Khalili starts from the legacy of Al Assifa, a Paris-based theatre group active between 1972 and 1978 that consisted of a group of North African workers and their French student allies. Al Assifa’s work and legacy were already the subjects of Khalili’s The Tempest Society, a video installation (documenta 14, 2017) and a publication (Bookworks, London, 2019). The group also published a newspaper, Al Assifa: The Voice of Arab Workers. Audio cassettes were also used to circulate this content among Maghreb-descendent communities in several French cities, reaffirming oral narration as a powerful practice of resistance to the official discourse and to dominant knowledge.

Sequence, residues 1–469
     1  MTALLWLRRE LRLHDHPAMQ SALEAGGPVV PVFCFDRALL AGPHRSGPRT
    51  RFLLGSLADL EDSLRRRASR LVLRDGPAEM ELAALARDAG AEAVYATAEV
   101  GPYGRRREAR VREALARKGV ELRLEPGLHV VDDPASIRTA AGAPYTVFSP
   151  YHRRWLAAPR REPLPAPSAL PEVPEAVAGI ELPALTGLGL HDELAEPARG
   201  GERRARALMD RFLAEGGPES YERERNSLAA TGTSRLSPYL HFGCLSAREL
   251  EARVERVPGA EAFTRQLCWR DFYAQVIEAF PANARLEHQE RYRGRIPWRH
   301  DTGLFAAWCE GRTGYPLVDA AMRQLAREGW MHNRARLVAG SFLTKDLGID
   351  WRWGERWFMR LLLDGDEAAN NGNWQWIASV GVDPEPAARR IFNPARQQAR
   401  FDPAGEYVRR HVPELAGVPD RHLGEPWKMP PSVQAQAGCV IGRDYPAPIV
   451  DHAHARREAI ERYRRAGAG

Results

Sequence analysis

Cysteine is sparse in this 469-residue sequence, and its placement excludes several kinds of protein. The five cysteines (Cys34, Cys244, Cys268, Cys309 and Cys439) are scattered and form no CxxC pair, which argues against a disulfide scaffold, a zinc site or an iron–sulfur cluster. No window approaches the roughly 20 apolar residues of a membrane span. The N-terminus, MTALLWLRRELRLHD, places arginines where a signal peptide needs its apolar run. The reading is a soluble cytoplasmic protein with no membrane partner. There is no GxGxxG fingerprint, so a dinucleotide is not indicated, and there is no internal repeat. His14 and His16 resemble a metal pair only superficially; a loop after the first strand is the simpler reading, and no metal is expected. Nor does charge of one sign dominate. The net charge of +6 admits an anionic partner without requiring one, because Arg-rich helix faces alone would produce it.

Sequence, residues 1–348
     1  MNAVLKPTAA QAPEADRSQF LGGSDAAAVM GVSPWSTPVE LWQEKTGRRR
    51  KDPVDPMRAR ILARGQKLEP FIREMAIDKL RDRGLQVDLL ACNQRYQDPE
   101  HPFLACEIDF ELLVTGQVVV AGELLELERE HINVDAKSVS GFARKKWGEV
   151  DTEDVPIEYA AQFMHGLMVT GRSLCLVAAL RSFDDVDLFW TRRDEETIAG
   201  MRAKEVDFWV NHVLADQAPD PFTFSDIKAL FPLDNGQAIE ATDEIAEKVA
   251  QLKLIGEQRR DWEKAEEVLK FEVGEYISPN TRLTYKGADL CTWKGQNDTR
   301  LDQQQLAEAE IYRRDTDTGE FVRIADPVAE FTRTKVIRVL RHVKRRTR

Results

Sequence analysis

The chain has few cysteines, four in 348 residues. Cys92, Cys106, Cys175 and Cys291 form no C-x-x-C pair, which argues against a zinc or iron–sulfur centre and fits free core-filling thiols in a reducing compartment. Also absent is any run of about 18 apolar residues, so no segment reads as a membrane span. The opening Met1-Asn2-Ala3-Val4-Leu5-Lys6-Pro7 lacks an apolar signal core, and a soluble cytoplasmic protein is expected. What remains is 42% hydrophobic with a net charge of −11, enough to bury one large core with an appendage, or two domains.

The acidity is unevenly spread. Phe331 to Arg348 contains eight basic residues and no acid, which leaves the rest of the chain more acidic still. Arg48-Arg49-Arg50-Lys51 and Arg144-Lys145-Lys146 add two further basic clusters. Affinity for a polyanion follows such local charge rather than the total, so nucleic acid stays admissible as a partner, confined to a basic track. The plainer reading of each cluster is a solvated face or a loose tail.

For the first iteration of the Audio Family Album, Khalili invited a group of young researchers, artists and activists from Maghrebi-descents based in Brussels to choose a story of their choice, epitomizing their relationship to the diasporic experience. At the intersection of micro-history and collective memory, the audio recordings produced for the project suggests a « living archive » of voices, bringing together stories of emancipation that have helped shape the memories and contemporary strategies of diaspora struggles. Across geographies and generations, these stories form a potential collective family album where, as in the ancient tradition of public storytelling in North Africa, the voices embody the living and nomadic memory of the people.